ST PETER — St. Peter Public Schools received high marks Wednesday during a unique district evaluation process by a visiting team that will be recommending the district for accreditation again.
The team was from AdvancED, a nonprofit, non-governmental organization that accredits mostly individual schools throughout the U.S. and also internationally. District accreditation is a much more rigorous process, which is why few districts seek out the voluntary accreditation, said Richard Schoonover, part of the five-member group that conducted the evaluation of St. Peter’s district.
In fact, St. Peter was the first district in the state to go through the accreditation process in 2007, said Supt. Jeff Olson. Because the process has to be renewed every five years, the volunteers with AdvancED — who came from across the country with various education backgrounds — arrived Sunday in St. Peter to begin the evaluation.
The team observed in 34 classrooms districtwide and interviewed dozens of teachers, students, parents, school leaders, School Board members and caregivers.
St. Peter principals, teachers and administrators gathered for a special School Board meeting Wednesday, some anxiously waiting to hear how they’re doing and how they can improve.
Scores from 1 to 4 were awarded in a variety of areas with 2.2-2.4 being an average score for all categories. Schoonover said a 3 is considered very good, and scores close to 4 are rare.
St. Peter’s breakdown was: purpose and direction, 3; resources and support systems, 3; teaching and assessing for learning, 2.92; governance and leadership, 3.17; and using results for continuous improvement, 2.8.
“You’ve got a very good district here,” said Schoonover, a retired school administrator from Nebraska.
Schoonover described Wednesday’s report as a “fingernail summary” with the comprehensive written report expected in a few weeks. But the broad strokes, he said, are that the district has established a strong leadership development program; has a strong collaborative structure that supports student engagement and learning; monitors and responds to curriculum needs based on data analysis; and manages resources well.
The team also scored the district in categories under the new Effective Learning Environments Observation Tool rating system, which is being piloted as a new evaluation tool but doesn’t yet count toward re-accreditation.
The lowest score was for “Digital Learning Environment,” which measured student use of digital tools in the classroom.
“Keep in mind, we were in your classrooms for 20 minutes (at a time),” he said.
A higher score Schoonover emphasized was the 3.19 in the “Well-Managed Learning Environment” area.
“School is all about teaching and learning, and you want that to be a high rating,” Schoonover said.
Three areas that require a plan of action within a year included analyzing the equity of the learning environment for all students and families; reviewing the program for English language learners; and evaluating and implementing plans and procedures to address school safety.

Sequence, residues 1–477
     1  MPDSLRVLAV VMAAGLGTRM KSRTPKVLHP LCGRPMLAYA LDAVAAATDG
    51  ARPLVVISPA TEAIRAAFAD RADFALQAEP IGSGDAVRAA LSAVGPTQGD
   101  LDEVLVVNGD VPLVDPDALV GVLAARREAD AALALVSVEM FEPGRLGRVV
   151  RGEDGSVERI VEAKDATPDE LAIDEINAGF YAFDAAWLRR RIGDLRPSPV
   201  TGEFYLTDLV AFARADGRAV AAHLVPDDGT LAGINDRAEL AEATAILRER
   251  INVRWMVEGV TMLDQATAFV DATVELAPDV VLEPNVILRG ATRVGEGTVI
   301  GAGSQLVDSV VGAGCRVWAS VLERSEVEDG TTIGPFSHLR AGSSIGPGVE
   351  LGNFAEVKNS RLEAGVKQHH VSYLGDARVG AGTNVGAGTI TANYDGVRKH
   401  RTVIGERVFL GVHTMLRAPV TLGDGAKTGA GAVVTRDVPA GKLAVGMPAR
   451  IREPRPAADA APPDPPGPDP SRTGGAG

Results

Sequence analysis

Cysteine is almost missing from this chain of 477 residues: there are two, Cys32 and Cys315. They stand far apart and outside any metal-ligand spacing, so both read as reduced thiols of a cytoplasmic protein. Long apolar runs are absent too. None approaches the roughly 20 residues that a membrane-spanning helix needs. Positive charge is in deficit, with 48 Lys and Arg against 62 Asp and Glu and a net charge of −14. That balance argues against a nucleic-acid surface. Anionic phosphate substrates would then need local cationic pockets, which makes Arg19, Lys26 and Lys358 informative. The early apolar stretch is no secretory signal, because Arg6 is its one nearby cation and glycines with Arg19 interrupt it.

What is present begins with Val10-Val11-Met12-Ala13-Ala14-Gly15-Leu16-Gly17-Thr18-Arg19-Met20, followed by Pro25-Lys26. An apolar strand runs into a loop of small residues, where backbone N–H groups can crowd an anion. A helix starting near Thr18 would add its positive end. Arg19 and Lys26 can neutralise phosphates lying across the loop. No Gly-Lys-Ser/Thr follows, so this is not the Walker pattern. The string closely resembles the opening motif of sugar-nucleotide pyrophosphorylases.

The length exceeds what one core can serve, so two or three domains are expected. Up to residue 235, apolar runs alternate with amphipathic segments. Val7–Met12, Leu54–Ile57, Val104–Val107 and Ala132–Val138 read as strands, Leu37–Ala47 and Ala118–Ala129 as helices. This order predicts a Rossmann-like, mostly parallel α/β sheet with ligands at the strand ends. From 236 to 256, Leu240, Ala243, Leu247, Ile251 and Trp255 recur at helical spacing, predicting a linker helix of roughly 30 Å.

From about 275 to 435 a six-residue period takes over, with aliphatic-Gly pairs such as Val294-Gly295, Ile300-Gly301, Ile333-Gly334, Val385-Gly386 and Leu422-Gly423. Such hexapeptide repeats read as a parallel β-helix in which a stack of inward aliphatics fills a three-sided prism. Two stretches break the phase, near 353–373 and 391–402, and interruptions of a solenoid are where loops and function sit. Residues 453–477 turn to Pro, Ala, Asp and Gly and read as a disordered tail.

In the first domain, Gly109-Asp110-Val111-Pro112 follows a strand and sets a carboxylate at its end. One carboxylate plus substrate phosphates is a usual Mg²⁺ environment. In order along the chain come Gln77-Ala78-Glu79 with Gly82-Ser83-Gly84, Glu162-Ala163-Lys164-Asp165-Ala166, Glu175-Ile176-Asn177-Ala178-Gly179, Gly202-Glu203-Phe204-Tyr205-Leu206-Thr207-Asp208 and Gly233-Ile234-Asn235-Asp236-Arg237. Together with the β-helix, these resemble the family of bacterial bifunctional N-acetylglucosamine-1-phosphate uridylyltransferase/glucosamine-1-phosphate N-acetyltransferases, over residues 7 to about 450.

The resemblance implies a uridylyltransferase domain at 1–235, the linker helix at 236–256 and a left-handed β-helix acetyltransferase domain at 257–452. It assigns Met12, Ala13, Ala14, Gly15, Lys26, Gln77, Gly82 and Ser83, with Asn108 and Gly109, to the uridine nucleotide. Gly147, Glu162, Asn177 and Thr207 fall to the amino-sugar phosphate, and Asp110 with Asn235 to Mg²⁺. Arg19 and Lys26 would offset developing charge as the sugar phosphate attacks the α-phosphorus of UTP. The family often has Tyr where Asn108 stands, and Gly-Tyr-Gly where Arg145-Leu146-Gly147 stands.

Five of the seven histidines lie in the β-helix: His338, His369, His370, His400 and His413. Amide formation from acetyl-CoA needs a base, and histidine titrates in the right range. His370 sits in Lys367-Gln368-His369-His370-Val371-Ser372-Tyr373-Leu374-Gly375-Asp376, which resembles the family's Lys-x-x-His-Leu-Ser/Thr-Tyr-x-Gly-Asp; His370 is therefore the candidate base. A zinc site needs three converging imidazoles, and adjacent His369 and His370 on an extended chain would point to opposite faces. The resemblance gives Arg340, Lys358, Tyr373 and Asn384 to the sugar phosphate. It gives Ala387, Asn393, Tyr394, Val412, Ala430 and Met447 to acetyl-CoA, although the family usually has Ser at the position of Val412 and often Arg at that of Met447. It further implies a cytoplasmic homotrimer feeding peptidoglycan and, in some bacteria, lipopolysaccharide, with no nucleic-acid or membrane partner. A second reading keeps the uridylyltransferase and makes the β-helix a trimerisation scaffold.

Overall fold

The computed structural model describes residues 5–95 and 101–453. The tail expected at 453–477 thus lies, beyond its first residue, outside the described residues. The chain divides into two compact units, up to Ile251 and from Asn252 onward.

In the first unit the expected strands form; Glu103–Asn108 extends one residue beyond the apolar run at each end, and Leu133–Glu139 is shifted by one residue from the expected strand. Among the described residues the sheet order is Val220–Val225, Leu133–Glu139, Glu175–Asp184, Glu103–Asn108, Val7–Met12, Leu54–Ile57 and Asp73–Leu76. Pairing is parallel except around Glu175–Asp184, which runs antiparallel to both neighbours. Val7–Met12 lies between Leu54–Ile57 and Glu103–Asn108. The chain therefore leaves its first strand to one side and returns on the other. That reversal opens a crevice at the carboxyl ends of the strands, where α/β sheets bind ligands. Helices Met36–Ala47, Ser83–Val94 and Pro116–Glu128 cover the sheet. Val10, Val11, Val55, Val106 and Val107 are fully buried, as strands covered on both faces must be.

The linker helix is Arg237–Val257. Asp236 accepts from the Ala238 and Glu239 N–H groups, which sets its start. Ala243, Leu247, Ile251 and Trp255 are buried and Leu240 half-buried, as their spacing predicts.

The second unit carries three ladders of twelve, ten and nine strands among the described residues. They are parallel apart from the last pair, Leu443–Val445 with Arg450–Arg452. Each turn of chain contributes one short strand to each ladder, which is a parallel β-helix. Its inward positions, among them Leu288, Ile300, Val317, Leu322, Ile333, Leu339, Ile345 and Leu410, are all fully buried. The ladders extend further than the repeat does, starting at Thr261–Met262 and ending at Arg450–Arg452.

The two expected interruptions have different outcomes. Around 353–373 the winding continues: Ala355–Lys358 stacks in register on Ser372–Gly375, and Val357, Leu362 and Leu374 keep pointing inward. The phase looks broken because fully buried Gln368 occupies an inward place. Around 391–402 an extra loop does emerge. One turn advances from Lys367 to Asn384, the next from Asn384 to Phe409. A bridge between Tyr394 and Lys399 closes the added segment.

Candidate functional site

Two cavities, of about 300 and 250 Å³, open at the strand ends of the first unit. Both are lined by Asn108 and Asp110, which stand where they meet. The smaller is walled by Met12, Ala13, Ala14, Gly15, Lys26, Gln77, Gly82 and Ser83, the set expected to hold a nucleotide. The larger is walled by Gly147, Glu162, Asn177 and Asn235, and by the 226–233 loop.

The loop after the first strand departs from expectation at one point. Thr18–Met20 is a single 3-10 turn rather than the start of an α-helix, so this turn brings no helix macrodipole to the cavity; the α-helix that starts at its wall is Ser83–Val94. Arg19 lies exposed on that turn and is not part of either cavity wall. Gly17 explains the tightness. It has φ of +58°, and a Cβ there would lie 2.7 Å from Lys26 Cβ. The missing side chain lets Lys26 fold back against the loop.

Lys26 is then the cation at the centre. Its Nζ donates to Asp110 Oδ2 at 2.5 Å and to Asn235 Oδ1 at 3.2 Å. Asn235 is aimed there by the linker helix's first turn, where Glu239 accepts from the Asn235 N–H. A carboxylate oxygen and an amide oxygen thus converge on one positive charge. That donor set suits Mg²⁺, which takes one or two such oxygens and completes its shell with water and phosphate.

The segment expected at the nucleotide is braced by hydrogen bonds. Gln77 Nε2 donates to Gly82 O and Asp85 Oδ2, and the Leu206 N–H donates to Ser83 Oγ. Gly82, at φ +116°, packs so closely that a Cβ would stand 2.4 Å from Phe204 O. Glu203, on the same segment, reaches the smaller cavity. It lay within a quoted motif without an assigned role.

Schoonover said none of these measures mean the district is underperforming in these areas. He said the first two measures have to do with the ever-increasing diversity in school districts, and it’s not enough to meet the needs of the current population of students; there have to be plans in place for the future.
Similarly, school safety is an important issue that should always be evaluated, he said.
“It’s just that, in this time in our history, we really need to continually address how we can improve school safety,” he said. “No matter how well you’re doing, you can always improve.”
Ytive Prafke, district special programs administrator, helped coordinate the process. She and Olson said they were pleased with the outcome.
Olson said he was glad to have the feedback on areas to work on so the district can begin plans for improvements.
“I think it was very positive,” Olson said. “We really got some good things to work on.”
The team will send a report to the AdvancED accreditation office for review, and a committee will likely grant the accreditation in a few months.
Olson said it’s been a tradition in the district since 1978 to go the extra mile to receive that external analysis. In the late 1970s, it was common for high schools to become accredited to help graduating students get into good universities, he said. But St. Peter opted to have all the schools in the district accredited at that time, which was rare.
“A number of districts moved away from having their schools accredited,” Olson said. “We’ve stayed with this, primarily because we like the self-assessment piece merged with the outside validation piece.”
Olson said there is no financial incentive to seek accreditation.
“The incentive is really ensuring you have a quality school system that’s meeting the standards of quality schools,” he said.
AdvancED is the world leader in accreditation with 30,000 public and private schools throughout the U.S., and all the Department of Defense schools in the world.